“It feels like the day before ‘Mad Max’,” said socio-political comedian W. Kamau Bell on the night before one of the most divisive presidential elections in recent memory.
Bell came to Lewis & Clark on Nov. 7 for an evening of comedy, interlaced with social commentary and political analysis. The event was sponsored by President Barry Glassner, Campus Activities Board, Dean of Students Anna Gonzalez, Student Activities and Inclusion and Multicultural Engagement.
After his performance, Bell sat down with the Pioneer Log for an interview, tackling the subjects of gentrification, the political climate and social activism.
Bell is the current host of CNN’s “United Shades of America”, an Emmy-nominated docu-series in which Bell travels the country, interviewing people from far-flung subcultures across the nation–including even the KKK. One of Bell’s strategies for promoting social change is to embrace “uncomfortable conversations” and have genuine talks with people from different walks of life.
Regarding his conversations with vastly different communities, from the KKK to Portland hipsters, Bell said, “We don’t have to talk about political differences–we’re talking about life differences. Sometimes that can get connected to the political, but people aren’t really connected to that unless that’s the subject. They feel like, ‘I wish I had a better job, I wish my community was better, I wish there was less crime.’”
“Those aren’t political issues–at some point they get turned into political. Candidates go, ‘I’m the candidate who’s more against crime than the other candidate.’ That’s also not how those issues get solved. [They’re solved] by communities coming together and governments putting a premium on that.”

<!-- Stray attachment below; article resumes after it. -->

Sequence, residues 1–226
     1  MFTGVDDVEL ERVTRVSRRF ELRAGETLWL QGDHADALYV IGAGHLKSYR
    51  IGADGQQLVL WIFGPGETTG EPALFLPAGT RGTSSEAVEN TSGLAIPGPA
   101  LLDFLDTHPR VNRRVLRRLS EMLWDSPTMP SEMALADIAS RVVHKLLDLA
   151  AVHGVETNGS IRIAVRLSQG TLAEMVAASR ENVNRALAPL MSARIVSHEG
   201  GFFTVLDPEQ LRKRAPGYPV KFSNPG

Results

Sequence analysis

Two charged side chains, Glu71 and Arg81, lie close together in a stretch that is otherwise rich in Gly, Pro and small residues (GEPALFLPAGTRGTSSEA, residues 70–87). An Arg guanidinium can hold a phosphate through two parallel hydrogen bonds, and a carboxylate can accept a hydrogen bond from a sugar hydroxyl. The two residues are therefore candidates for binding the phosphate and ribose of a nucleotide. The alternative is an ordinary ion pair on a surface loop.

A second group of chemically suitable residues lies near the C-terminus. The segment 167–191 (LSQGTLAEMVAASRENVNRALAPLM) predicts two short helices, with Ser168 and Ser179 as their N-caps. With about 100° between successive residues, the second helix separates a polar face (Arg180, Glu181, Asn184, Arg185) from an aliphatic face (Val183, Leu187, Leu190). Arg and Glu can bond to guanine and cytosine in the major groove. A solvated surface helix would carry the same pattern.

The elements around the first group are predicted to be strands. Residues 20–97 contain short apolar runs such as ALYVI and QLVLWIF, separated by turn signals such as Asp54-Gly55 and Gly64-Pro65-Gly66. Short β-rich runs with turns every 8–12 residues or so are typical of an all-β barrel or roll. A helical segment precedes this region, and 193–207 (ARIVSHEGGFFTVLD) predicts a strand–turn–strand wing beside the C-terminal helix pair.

Bell has also taken his documentary crew to Portland for “United Shades of America’s” episode “Is it Cool to be Hip?” This episode focused on the rise of gentrification and the hipster phenomenon in the city.
“[Gentrification]–it’s about cities being run like corporations. When you do that, you put less value on people and more value on things. I don’t think you create good cities that way. The thing people like about living in neighborhoods, ultimately… is that you feel safe and know everybody and that the whole neighborhood has your back,” Bell said. “When you move people through and cycle people through, and keep thinking about running things as a for-profit, you’re creating a situation where there’s no more neighborhoods. People don’t value the individual connections to people. I’ve been to Appalachia, one of the poorest parts of this country, but people know their neighbors.”
Even in light of the divided electoral season and a dearth of community connections, Bell is optimistic about the future.
“Over an infinite timeline, the United States moves in a more progressive direction, it just takes awhile and there’s fits and starts and a lot of the fits and starts mean the death and oppression of people who don’t deserve to die or be oppressed. Over an infinite timeline, things are moving well — but you can’t sit back and go, ‘it will just get better.’”
Indeed, Bell sees the role of activists as crucial in pushing the country in a progressive direction, although he doesn’t see himself necessarily as one.
“The activists have their foot on the accelerator. I’m just working hard to make them feel good while their foot is on the accelerator,” Bell said. “If I get caught up thinking that what I’m doing is the change, then it starts to be way less funny. Then you start to speach-ify and I’m not smart enough to speach-ify. I like to punchline-ify.”